As 55,000+ rock fans descended upon Knebworth this year for the second annual UK Sonisphere Festival, it became apparent that Sonisphere has been swift to throw its dirty, sweaty elbows into the likes of Download and the Reading and Leeds Festival to become one of the premier festivals in Britain. While promoters Kilimanjaro are highly experienced in the live music scene, Sonisphere's virginal inception last year raised a few questions - would they be able to top 2009's awesome headlining bands Metallica and Linkin Park? Would the economic recession allow music fans to splurge their cash on yet another festival in the already suffering live music industry? Would Sonisphere actually survive to see another year? Well, it seems the answers are yes, yes, and hell-fucking-yes.
Whereas last year the festival only produced two days of music, this year saw the addition of a lineup for Friday too. Naturally, it wasn't a full day and didn't feature any bands on the main stage, but on the whole acted as a pleasant warm up to the weekend. As the throngs of metalheads arrived at the campsite in the grounds of the beautiful Knebworth House, the beers started to flow, and the noise began to fill the air.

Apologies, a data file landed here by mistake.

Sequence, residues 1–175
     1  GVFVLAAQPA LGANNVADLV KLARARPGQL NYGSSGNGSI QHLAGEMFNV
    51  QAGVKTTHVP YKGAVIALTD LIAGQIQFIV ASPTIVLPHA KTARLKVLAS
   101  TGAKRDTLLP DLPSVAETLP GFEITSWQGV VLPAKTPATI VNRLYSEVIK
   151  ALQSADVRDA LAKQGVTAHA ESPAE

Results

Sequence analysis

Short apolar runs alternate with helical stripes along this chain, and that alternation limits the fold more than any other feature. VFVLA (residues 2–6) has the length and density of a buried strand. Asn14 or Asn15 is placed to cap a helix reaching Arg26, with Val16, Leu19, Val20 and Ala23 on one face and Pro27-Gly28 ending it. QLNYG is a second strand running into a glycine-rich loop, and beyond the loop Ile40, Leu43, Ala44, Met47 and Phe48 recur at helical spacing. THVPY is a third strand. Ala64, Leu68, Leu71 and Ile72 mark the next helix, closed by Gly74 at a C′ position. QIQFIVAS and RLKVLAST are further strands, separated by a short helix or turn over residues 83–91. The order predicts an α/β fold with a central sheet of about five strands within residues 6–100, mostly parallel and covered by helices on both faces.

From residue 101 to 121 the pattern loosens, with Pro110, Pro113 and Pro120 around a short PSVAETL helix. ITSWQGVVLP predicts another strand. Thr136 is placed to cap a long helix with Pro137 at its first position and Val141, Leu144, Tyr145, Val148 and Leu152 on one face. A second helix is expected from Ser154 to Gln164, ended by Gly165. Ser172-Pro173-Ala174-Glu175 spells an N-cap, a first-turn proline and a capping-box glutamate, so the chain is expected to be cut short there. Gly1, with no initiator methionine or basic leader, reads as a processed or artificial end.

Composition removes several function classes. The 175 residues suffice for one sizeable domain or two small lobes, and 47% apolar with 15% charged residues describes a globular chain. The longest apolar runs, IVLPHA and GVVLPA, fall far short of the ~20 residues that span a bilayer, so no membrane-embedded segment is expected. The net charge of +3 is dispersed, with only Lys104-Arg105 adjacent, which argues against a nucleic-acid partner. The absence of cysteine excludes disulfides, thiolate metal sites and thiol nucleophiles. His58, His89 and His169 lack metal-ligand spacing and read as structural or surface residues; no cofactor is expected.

The Bohemia stage welcomed California prog-metal band Bigelf, who, I'll be honest, initially attracted my attention with their name. But when you know nothing about a band, their name is as good a reason as any to check them out. And oh boy, am I glad I did. Having toured with Dream Theater and Porcupine Tree, Bigelf have evidently learned from the big shots how to really put on a show, and despite a relatively small crowd, their immense performance clearly impressed everyone.
Over on the Saturn stage, the brilliant folk-metal band Turisas did some serious face-melting. With their faces painted, and clad in Viking costumes, the symphonic Finnish metallers rocked their saddeningly short set with aplomb, as the entire crowd joined together during songs including "One More" and "Battle Metal".
Following Turisas was some old school rock from Europe. While they performed their entire set list fantastically, and ripped through "Last Look At Eden", "Love Is Not The Enemy" and "The Beast", nothing compared with the crowd's explosion as the show closed with "The Final Countdown", which for many festival-goers was one of the highlights of the weekend.
As Alice Cooper ruled the Saturn stage in a predictably glamorous and exuberant performance, and alternative rockers Terrorvision took the crowd into a 1990s nostalgia trip, a special mention has to go to 65daysofstatic, who put on a mind-blowing set in the Bohemia tent. Math-rock, electronica, experimental, whatever you want to call it - their instrumentalism and sound quality was phenomenally noisy and beautiful, leaving much of the audience wowed. Hailing from Sheffield, England, 65daysofstatic were the surprising zenith of Sonisphere's Friday night, and will hopefully continue on to great things, as they are definitely one of the most exciting bands to emerge from the UK in the past ten years. [ END ]